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China’s growth good for world economy

Turning an agrarian society into the manufacturing hub of the world cannot be a flawless endeavour

Gulf News

According to Chinese folklore, the snake is intelligent and clever. Given that, it is appropriate that China celebrated the Year of the Snake, which began yesterday, by overtaking the US as the world’s largest trading nation.

Numbers compiled by Bloomberg show that China’s annual trade was valued at $3.87 trillion (Dh14.20 trillion), approximately $50 billion more than the US, which has dominated world trade since the end of the Second World War.

It is another milestone for China, which became the world’s biggest exporter in 2009, and has been averaging 9.9 per cent growth since the economic reformation of the late 1970s that followed the death of Chairman Mao.

Those changes also helped make the country the world’s biggest energy user, given it the biggest car market, and its cultural proclivity towards savings have also helped it acquire the world’s largest foreign currency reserves.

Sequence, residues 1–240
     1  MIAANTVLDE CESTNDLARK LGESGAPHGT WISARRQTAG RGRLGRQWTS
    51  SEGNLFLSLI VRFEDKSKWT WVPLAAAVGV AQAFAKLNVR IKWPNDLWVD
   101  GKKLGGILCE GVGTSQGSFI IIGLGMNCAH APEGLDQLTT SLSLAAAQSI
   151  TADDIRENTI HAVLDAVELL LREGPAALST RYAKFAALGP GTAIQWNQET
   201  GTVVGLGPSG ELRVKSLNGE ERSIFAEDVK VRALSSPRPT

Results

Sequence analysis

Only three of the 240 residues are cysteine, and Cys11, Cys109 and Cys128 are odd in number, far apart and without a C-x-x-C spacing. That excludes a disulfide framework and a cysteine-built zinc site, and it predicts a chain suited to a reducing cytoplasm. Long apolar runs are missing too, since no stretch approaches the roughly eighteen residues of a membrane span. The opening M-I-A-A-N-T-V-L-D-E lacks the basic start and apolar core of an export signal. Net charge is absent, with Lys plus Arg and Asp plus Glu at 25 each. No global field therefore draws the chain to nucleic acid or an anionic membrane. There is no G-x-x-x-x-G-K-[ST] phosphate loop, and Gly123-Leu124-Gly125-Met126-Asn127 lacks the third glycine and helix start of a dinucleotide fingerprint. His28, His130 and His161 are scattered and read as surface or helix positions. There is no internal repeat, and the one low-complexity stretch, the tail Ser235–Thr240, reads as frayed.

Sunday's announcement will not mark the high water mark for the country’s economy, either. Despite recent press coverage of its ‘soft landing’, the Chinese economy is expected to continue to grow and even surpass the US. A PricewaterhouseCoopers (PWC) report released yesterday said that China could become the world’s largest economy by 2017.

China’s growth over the last four decades has caused some concerns — in terms of corruption, the pressure of its currency, the working conditions of it workers, and the safety of some of it products – but turning an agrarian society into the manufacturing hub of the world was never going to be a flawless endeavour.

China’s ability to address these issues only increases its ability to sustain further growth.

Despite its problems, China’s exports have also helped build up Asia as an economic power and even helped maintain the global economy while western nations struggled with the aftermath of risky speculative investing and uncontrolled debt.

That deserves praise. While China’s continuing growth is likely to be disruptive to some countries which will find it difficult to compete, its growth will help bring the world’s economy back into bloom.

A stable country that can drive a global economy with its trade is just what the world needs.